Her case is pending in the immigration courts, according to ICE.

Brenda is one of many undocumented immigrants who have been separated from their children at the border after seeking asylum in the U.S., a result of the Trump administration’s “zero-tolerance” immigration policy.

After the Department of Homeland Security (DHS) confirmed that nearly 2,300 children were separated from their families, a wave of immigrant advocacy groups and social justice leaders mobilized support from thousands. Facing an overwhelming backlash, President Trump signed an executive order last week to put an end to the policy.

However, a spokesman for the Amercian Civil Liberties Union remained unconvinced, saying: “The devil is in the details.”

“This crisis will not abate until each and every single child is reunited with his or her parent,” said Anthony D. Romero, the group’s executive director.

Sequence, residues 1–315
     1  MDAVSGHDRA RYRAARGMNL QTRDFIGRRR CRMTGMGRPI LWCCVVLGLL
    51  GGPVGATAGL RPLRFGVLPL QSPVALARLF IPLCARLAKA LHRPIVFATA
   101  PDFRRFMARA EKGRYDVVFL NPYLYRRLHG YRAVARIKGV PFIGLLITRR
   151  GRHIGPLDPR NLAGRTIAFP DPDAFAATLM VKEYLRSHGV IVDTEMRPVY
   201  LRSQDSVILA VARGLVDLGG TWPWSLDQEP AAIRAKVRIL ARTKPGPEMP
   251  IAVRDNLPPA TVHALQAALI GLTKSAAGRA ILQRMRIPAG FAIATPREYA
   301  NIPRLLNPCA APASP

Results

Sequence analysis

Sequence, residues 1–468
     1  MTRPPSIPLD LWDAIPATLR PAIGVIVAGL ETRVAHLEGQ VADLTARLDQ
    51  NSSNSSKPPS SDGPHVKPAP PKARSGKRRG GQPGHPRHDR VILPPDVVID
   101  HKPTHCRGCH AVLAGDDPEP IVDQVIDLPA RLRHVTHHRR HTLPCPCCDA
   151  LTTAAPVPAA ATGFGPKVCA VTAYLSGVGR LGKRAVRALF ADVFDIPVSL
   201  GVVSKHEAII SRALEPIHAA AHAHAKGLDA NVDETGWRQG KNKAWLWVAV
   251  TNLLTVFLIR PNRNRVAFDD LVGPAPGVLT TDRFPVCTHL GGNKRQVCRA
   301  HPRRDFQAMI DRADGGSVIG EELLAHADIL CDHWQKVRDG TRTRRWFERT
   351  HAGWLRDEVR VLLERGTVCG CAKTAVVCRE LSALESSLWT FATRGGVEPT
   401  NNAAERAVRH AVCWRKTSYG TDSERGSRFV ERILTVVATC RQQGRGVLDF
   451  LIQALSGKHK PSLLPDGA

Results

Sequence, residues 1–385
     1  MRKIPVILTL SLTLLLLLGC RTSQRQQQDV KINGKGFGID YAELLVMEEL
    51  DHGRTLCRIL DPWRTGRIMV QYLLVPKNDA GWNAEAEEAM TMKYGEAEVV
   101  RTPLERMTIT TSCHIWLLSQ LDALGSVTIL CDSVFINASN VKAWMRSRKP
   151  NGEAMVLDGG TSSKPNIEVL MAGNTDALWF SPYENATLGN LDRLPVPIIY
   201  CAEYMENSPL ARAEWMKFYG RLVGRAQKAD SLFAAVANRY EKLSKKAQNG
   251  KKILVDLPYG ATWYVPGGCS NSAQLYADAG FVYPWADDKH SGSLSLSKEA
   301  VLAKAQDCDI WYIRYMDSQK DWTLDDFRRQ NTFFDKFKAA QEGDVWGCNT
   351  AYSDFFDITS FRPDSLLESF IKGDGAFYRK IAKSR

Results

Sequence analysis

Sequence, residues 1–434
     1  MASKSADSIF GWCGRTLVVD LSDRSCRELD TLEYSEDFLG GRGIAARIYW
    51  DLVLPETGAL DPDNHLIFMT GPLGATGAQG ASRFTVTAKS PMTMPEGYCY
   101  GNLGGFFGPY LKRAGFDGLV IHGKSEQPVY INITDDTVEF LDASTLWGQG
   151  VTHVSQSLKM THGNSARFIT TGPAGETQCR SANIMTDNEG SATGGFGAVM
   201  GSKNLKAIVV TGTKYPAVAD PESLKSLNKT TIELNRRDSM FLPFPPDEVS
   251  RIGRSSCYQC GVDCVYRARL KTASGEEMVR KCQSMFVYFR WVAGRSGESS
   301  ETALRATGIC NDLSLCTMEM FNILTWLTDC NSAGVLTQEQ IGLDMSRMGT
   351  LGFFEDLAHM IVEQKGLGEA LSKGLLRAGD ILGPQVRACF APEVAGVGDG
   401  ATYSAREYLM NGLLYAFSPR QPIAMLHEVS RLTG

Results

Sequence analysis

The ACLU was one of the first groups to take legal action against the Trump administration in Ms. L v. ICE earlier this year, after a mother from the Congo seeking asylum and her 7-year-old daughter were separated.

They were reunited in March.

On Tuesday, a federal judge rejected the government’s request to dismiss the ACLU’s case and ruled the challenge can proceed after the group filed for class certification.

Moreover, the group has collected more than 226,000 signatures for a petition to end family separation and numerous donations from supporters.

On Friday evening, the Department of Justice (DOJ) said families will be detained together during immigration proceedings.

“To comply with the Ms. L injunction barring parents in DHS custody from being separated from their children, the Government will not separate families but detain families together during the pendency of immigration proceedings when they are apprehended at or between ports of entry,” the DOJ said in a statement.